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NFL gains yards in its treatment of players' head injuries


As early as this season's playoffs, National Football League players will have to get the approval of an independent neurosurgeon or neurologist before they can return to play following a head injury or concussion. Currently, each team's general physician gives the "okay" for players to get back in the game, sometimes, experts fear, when athletes have not fully recovered.

NFL Commissioner Roger Goodell described this shift and other changes in how the league will handle head injuries, such as continuing research to help improve equipment safety, in a statement released on November 24 by the NFL. The decision to work with external neurosurgeons is meant to give players the best medical advice, Goodell said in a November 23 interview on NBC's "Football Night in America." "This is a chance for us to expand [the advice] and bring more people into the circle to make sure we're making the best decisions for our players in the long term," he added.

The decision comes in the wake of mounting evidence that head injuries lead to long-term effects such as brain damage and dementia. One survey commissioned by the NFL recently concluded that there was greater incidence of cognitive damage among retired players than in the national population, but some NFL officials dismissed the findings. At a congressional hearing in October on the issue of football and brain injuries, Rep. Linda Sanchez said that the league's denial of long-term effects of head injuries was reminiscent of tobacco companies denying a link between smoking and disease, the Associated Press reported Wednesday.

Dr. Thom Mayer, medical director of the NFL Players Association, says he instigated the policy change, adding: "It was a growing sense that we needed a clearer cut mandate independent of the league" to determine when players could return to play.

Mayer pointed out that, currently, each of the league's 32 teams has a physician who, depending on their background, may or may not be trained in concussion management. Only the Pittsburgh Steelers and the Indianapolis Colts employ a team neurosurgeon.

But even for teams that have concussion experts onboard, critics say there could be pressure from the coaching staff to unduly speed the return of injured players to the game.

The new policy will improve players' medical care in two ways: "One is that we wanted expertise, and two is a voice that is independent of the team itself," Mayer says.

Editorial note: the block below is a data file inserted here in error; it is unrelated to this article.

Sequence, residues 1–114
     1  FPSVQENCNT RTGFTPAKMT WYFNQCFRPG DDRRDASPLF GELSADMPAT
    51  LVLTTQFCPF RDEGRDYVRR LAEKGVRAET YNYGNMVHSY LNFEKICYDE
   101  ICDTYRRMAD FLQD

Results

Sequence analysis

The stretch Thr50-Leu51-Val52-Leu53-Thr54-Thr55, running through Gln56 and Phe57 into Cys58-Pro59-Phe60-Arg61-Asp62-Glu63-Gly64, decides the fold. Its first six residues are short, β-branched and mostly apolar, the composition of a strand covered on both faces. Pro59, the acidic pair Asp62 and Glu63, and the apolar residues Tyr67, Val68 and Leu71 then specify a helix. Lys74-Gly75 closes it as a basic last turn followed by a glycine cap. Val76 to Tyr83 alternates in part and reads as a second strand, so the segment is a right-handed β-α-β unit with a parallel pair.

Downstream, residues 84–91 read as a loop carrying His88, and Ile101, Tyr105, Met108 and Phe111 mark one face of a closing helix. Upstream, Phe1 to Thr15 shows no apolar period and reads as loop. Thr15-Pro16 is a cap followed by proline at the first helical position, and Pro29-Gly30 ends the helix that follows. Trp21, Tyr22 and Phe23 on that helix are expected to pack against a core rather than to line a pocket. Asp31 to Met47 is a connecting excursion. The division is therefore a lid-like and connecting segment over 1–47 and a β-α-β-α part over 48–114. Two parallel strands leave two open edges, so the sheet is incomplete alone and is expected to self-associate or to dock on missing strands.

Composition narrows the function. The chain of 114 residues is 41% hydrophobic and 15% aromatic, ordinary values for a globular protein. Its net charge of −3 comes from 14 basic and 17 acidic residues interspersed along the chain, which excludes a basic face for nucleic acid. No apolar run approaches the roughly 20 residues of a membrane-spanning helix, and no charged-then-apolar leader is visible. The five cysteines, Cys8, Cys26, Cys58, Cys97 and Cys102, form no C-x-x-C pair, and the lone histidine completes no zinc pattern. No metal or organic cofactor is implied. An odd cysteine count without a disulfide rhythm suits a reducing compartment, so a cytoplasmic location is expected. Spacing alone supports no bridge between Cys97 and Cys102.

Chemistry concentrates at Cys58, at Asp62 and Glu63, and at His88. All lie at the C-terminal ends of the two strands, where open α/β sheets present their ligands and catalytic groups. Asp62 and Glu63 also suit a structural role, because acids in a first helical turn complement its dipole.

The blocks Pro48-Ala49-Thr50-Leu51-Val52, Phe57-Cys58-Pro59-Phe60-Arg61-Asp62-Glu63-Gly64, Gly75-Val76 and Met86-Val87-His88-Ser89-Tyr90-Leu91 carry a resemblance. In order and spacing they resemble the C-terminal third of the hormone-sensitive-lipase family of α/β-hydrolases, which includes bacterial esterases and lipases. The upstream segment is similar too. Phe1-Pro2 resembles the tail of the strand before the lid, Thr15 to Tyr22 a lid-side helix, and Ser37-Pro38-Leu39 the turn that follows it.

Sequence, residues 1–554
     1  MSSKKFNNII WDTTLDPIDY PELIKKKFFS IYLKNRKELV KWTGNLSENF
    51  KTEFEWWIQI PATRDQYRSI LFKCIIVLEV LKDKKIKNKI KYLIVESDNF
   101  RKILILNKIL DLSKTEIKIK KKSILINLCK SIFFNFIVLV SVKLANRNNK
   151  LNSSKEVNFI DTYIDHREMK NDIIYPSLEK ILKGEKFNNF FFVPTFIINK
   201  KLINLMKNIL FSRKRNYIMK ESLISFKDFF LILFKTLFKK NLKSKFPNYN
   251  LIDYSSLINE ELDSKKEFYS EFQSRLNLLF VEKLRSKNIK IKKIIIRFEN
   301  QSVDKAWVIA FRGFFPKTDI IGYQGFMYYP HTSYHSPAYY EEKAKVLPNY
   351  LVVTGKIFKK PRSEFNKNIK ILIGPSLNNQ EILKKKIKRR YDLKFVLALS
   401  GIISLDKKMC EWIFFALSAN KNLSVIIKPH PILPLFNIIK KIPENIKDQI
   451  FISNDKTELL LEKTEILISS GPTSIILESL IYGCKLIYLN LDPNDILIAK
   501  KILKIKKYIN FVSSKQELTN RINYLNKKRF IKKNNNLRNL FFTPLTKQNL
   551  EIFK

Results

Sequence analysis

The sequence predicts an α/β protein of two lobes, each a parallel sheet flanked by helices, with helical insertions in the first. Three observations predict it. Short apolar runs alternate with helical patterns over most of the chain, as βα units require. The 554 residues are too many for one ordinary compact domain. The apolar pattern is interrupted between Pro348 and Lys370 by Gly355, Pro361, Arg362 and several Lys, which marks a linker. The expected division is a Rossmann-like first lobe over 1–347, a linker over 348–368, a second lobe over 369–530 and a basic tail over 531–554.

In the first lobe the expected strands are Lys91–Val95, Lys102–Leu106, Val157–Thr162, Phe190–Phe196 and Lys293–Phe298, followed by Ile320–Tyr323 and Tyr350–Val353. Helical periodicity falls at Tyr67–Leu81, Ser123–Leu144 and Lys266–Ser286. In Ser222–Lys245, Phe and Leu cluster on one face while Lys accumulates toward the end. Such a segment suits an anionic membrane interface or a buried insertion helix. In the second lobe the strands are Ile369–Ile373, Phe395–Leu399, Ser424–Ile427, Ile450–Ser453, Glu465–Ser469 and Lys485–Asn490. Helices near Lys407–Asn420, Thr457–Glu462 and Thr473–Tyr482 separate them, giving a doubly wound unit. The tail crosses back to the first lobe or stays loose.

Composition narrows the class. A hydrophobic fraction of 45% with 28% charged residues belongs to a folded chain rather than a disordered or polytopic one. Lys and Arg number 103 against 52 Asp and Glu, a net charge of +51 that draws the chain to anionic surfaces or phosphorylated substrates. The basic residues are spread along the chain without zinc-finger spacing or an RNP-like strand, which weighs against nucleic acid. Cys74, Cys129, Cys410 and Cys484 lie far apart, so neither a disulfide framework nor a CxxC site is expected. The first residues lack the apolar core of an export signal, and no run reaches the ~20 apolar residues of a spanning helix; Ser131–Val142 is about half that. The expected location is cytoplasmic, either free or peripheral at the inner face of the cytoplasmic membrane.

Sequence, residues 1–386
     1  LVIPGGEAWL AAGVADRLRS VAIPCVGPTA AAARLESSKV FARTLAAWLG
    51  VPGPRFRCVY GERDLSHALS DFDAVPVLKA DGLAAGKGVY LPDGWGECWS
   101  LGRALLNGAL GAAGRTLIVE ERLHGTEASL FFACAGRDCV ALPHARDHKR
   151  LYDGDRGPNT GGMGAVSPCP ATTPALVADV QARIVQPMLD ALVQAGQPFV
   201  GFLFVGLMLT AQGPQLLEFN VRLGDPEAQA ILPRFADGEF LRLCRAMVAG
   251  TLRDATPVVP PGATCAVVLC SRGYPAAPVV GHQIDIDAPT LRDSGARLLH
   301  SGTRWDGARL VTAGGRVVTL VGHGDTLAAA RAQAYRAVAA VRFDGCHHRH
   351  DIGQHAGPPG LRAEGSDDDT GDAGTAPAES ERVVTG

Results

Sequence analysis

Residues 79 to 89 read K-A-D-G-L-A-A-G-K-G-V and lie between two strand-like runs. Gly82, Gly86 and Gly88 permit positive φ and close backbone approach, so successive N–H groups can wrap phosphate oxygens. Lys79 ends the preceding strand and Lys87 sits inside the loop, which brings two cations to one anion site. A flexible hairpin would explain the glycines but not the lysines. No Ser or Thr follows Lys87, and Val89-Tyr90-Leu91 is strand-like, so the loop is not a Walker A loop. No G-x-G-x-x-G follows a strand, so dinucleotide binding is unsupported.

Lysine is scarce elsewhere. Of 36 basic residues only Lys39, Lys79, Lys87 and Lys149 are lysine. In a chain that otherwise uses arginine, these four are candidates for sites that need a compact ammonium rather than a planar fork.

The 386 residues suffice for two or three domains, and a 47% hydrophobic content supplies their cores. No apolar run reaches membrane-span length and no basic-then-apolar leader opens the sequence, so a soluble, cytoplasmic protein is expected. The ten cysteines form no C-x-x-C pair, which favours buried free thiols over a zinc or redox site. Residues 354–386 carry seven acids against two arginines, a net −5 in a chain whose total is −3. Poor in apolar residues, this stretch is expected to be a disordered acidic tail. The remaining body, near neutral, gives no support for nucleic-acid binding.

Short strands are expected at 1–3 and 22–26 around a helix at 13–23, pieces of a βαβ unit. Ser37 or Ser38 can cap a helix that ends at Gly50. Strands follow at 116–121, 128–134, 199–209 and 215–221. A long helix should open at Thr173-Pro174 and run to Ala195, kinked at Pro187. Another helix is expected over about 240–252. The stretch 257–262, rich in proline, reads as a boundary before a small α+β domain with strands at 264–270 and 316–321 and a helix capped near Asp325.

Mayer and Dr. Elliot Pellman, medical advisor for the NFL, are in the process of appointing the independent neurosurgeons and neurologists, which should be completed within the next few weeks. At each game, the home team's appointed expert will provide care for head injuries. Moreover, the neurosurgeon's or neurologist's recommendation will be mandated, Mayer says. A player will not be able to return to the game until he passes a cognitive test and has approval from this specialist.

It is unclear how these physicians will be paid for their work.

The changes will make the NFL's treatment of head injuries more similar to that of the National Hockey League. Both teams have been doing baseline cognitive tests of each player prior to the start of each season. Since 1997 the NHL has also had independent neuropsychologists perform these tests on players after they recovered from a head injury and before they could return to play. But, unlike the NFL's proposed plan, these neuropsychologists do not actually make an argument for or against return-to-play. Instead, the NHL teams' physicians consider the test results in making the decision.

Mayer hopes the attention brought to head injuries in the NFL could help encourage players to report head injuries and their effects to the team's medical staff. Pride and a sense of obligation to their team, he says, drive players to hide injuries. Mayer, along with current and retired players, is starting a committee that will meet for the first time in January to talk with other players and their families about the threat of head injuries.

Image courtesy of flickr/courteney

The views expressed are those of the author and are not necessarily those of Scientific American.

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